Driving Routes to Big Bear

It seems reasonable for those living in the Greater Los Angeles Area that Big Bear is far beyond the known world. Yes, I've met people who never went east of the San Diego Freeway for anything! We all know what they are missing.

Welcome to the Big Bear Advantage! Big Bear is so close to LA, we have friends who have gone skiing in the morning and surfing the same night.

You can too! Fill 'er up. Load 'er up. We'll see you here in a few hours.

Los Angeles to Big Bear is not a problem. Go East! Take the 210, the 10, or the 60. These are the main arteries out of LA, and once past the downtown interchanges, you can sit back and enjoy the drive, the stereo, and the thought of that fresh mountain air filling your lungs.

People always ask about the best way to Big Bear. Here's the thing, the "longest" way and the "shortest" way are only about 15 minutes different in time. The difference is what you may expect from each route. When you arrive in the San Bernardino area, you have 3 choices to come to Big Bear. The 15, the 18, and the 38.

No matter which way you are coming to Big Bear, the locals basically say, "It takes about an hour from the bottom of the hill." When you reach that last exit in Highland, and head into the canyon, you are at "the bottom of the hill". If you are taking the 38 from the Orange Exit off the 10, consider that "the bottom of the hill". When you start up the Cajon Pass, where the 15 meets the 215, consider that "the bottom of the hill". If it is a clear day, you'll know when you are at "the bottom of the hill". You can expect around an hour more and you'll be breathing Big Bear's pristine mountain air.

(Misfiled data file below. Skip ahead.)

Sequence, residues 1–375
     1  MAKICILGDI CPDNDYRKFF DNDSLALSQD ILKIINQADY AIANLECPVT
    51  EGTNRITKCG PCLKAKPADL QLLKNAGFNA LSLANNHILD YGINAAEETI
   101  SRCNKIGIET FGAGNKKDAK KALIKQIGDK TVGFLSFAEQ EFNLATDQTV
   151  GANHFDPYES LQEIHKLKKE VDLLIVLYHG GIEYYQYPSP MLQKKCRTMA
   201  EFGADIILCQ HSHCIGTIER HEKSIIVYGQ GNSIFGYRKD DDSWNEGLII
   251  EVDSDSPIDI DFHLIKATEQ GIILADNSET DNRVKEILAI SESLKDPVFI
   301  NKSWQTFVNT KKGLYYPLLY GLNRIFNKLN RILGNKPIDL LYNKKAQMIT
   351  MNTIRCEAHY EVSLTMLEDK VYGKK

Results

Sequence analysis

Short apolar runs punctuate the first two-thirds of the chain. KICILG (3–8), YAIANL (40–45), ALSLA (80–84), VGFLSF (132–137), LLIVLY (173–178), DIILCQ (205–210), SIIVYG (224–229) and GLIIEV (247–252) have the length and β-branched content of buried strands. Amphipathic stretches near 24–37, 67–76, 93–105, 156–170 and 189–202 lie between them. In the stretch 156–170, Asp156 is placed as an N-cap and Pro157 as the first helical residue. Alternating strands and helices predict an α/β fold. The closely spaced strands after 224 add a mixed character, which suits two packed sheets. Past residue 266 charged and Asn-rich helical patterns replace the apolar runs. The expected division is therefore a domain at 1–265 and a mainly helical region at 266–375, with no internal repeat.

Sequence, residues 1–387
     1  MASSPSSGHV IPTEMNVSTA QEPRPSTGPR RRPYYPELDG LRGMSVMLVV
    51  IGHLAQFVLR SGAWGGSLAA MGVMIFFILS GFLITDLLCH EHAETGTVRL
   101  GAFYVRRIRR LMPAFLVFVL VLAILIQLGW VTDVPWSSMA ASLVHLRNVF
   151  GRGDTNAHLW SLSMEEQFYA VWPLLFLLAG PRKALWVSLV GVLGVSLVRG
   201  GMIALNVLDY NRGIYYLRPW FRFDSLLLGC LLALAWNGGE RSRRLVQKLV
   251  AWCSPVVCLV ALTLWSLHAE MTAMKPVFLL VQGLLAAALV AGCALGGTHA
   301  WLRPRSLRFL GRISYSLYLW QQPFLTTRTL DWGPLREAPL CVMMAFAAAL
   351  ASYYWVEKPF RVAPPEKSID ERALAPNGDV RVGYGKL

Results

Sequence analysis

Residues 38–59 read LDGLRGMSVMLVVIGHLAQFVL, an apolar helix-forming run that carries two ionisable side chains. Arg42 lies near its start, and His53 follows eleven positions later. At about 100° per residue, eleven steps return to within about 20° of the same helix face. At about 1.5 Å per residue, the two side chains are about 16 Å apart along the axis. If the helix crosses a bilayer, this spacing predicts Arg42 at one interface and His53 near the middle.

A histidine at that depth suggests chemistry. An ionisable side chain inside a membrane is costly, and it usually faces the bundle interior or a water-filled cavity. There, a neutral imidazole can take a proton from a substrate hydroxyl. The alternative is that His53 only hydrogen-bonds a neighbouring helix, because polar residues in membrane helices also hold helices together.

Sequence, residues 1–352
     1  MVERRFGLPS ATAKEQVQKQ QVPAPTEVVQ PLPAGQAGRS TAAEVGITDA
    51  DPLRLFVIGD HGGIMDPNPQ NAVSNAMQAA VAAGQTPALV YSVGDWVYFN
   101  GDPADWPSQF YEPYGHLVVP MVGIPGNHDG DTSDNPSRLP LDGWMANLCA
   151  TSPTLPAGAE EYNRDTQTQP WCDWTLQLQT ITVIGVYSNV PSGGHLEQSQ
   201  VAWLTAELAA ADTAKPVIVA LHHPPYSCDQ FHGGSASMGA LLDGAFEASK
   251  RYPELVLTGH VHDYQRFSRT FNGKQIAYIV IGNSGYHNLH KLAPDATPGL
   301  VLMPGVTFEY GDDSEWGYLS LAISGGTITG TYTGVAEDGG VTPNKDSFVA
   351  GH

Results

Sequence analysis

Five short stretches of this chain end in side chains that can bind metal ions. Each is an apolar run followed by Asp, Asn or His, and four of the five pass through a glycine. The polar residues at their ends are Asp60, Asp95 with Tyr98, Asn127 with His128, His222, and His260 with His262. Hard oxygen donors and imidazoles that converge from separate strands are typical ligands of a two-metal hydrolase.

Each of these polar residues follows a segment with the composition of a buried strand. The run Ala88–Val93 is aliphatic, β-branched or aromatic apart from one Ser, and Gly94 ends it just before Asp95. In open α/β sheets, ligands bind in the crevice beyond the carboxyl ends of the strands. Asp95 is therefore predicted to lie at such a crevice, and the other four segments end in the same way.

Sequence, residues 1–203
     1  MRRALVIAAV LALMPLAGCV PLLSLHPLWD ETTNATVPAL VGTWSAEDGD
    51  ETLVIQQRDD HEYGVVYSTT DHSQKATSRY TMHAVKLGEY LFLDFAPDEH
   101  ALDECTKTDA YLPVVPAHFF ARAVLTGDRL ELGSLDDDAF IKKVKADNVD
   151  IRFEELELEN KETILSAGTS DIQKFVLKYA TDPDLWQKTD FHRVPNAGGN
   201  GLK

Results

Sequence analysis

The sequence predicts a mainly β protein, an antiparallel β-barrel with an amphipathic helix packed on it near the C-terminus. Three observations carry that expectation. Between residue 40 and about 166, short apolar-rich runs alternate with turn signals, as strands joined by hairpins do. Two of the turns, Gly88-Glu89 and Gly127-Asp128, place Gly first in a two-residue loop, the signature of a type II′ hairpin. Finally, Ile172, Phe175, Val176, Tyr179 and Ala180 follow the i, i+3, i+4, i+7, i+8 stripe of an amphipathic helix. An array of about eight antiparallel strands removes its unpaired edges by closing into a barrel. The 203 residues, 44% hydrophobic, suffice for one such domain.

When coming out the 60, plan on coming north on the 15 or 215 to either head up Cajon Pass, or merge onto the 10 East, prodeeding to the 330 or 38.

In non-icy weather, the fastest route from the bottom of the mountain is on the 330/Big Bear exit from route 10. This is the same as the Highland exit from the 210. Driving the 10, there is a very visible exit sign with 2 lanes leading north. A few short miles across the valley floor and the mountain exit is waiting. You get one last chance for chains, gas, shopping, fast food and certain aspects of "civilization" at the Highland offramp. If you don't exit, you're on your way up the mountain.

Please notice the road and the turnouts. 2 large communities use this road every day. Running Springs, including Lake Arrowhead, and the Big Bear community. This road is very curvy and steep, taking you to the Rim Highway in a very short time. There are several passing lanes and turnouts on the way up the mountain. All of them are large and safe.

There is ample room for pulling out of traffic and slowing down. Here's a tip: If you see a short pullout, try to avoid it, unless stopping for an emergency. There are plenty of longer, safe pullouts on both sides of the highway.

Keep winding up. You'll pass Running Springs and Snow Valley. On a clear day, you'll know when you are at, "First Look". The climb takes you to Arctic Circle, cut out of the side of the mountain, and your first view of Big Bear Lake. That pullout is worth it, if you want a perspective of the San Bernardino Mountains.